Confederate Monuments and Racism?

As noted in earlier posts, the Southern Poverty Law Center (SPLC) and many academic historians are promoting a false narrative that the Confederate statues erected between 1900 and 1920 were celebrations of white supremacy. In reality, the statues were built because the old veterans were dying-off, which is why there was also a simultaneous surge in Civil War memorial-building in the North.

Nonetheless, academics are on a mission to “prove” their point by finding examples of statue inscriptions or dedication speeches that celebrate the Anglo-Saxon race or affirm white supremacy. Yet Anglo-Saxon pride and white privilege was common throughout all of America during that era. Consider, for example, the widespread obsession with defeating black heavyweight boxing champion Jack Johnson.

Johnson became the first black to hold the title in 1908 by beating the reigning white champion, Tommy Burns. Most white boxing fans were outraged that a black had become champion. As a result, promoters searched for a “Great White Hope” to beat Johnson. In 1910 they matched him against previous champion Jim Jeffries, who had earlier retired undefeated.

The bout attracted unprecedented attention. Led by The New York Times, the mainstream press promoted hostility toward African-Americans: “If the black man wins, thousands and thousands of his ignorant brothers will misinterpret his victory as justifying claims to much more than mere physical equality with their white neighbors.” After Johnson won the fight, race riots erupted in fifty cities within twenty-five states.  Examples include New York, Washington, Pittsburgh, Philadelphia, Los Angeles, Omaha, Wilmington, Columbus, St. Louis and Pueblo, Colorado as well as the Southern towns of New Orleans, Little Rock, Atlanta and Houston.

It took boxing promoters another five years to find a six-foot-seven-inch white fighter, Jess Willard, to beat the aging Johnson in 1915. After winning the Havana bout, Willard temporarily became the most celebrated American.  When his victory was displayed on a bulletin board in New York’s financial district the roar from the streets “would have done credit to a Presidential victory,” according to the New York Tribune. “For a moment the air was filled with hats and newspapers. Respectable businessmen pounded their unknown neighbors on the back” and acted like gleeful children. At a time when the average American earned $600 a year,  a New York lecture hall offered Willard $5,000 for a single week’s engagement.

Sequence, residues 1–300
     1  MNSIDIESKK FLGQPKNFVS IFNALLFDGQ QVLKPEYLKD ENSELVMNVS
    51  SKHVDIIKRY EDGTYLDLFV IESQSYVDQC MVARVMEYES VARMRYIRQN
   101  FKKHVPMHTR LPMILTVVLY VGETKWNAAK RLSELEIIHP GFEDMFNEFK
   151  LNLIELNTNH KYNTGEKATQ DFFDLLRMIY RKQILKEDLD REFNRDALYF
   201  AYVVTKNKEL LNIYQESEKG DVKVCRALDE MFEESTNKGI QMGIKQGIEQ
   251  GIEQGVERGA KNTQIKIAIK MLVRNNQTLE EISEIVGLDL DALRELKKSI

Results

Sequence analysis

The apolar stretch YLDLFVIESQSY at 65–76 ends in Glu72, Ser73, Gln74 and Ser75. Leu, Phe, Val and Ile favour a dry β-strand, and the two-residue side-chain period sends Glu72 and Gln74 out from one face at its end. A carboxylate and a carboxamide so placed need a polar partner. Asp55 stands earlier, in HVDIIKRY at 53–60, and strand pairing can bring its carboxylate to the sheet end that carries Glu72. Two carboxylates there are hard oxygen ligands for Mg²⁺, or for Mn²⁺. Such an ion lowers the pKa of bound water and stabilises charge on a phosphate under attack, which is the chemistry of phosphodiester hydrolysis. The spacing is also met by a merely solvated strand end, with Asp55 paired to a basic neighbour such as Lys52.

After some blacks started to migrate to Northern states early in the twentieth century race riots began to erupt in their new hometowns.  A black who swam offshore at a Chicago “whites only” beach triggered a riot that left thirty-eight people dead in 1919. President Woodrow Wilson put most of the blame on the whites. About one thousand blacks lost their homes to arson. Wilson also mostly blamed whites for 1919 rioting in Washington, D. C. that caused about forty deaths and one-hundred-fifty injuries.

Two years earlier East St. Louis whites launched wholesale attacks against  blacks after five-hundred were hired to replace whites during a worker strike. Claiming that “Southern negroes deserve[d] a genuine lynching” whites hanged several blacks. Estimates of African-American deaths ranged from 40 to 200. About 6,000 abandoned the city.

Even though blacks represented just 5% of the people in Springfield, Illinois a 1908 race riot left sixteen people dead and hundreds of homeless blacks in its wake. Conflicts between blacks and Irish-Americans led to a New York City riot in 1900 that required hundreds of police to intervene.

Since racism permeated the entire country from 1900 to 1920, it’s a stretch requiring a bungee cord to conclude that racism was a significant reason to erect Confederate memorials. The obvious explanation is that the old soldiers were fading away and the impoverished South had finally accumulated enough money to memorialize them some fifty years after the War had ended.

About Philip Leigh

Philip Leigh contributed twenty-four articles to The New York Times Disunion blog, which commemorated the Civil War Sesquicentennial. He is the author of U.S. Grant's Failed Presidency, Southern Reconstruction (2017), Lee’s Lost Dispatch and Other Civil War Controversies (2015), and Trading With the Enemy (2014). Phil has lectured a various Civil War forums, including the 23rd Annual Sarasota Conference of the Civil War Education Association and various Civil War Roundtables. He holds a Bachelor of Science in Electrical Engineering from Florida Institute of Technology and an MBA from Northwestern University. More from Philip Leigh

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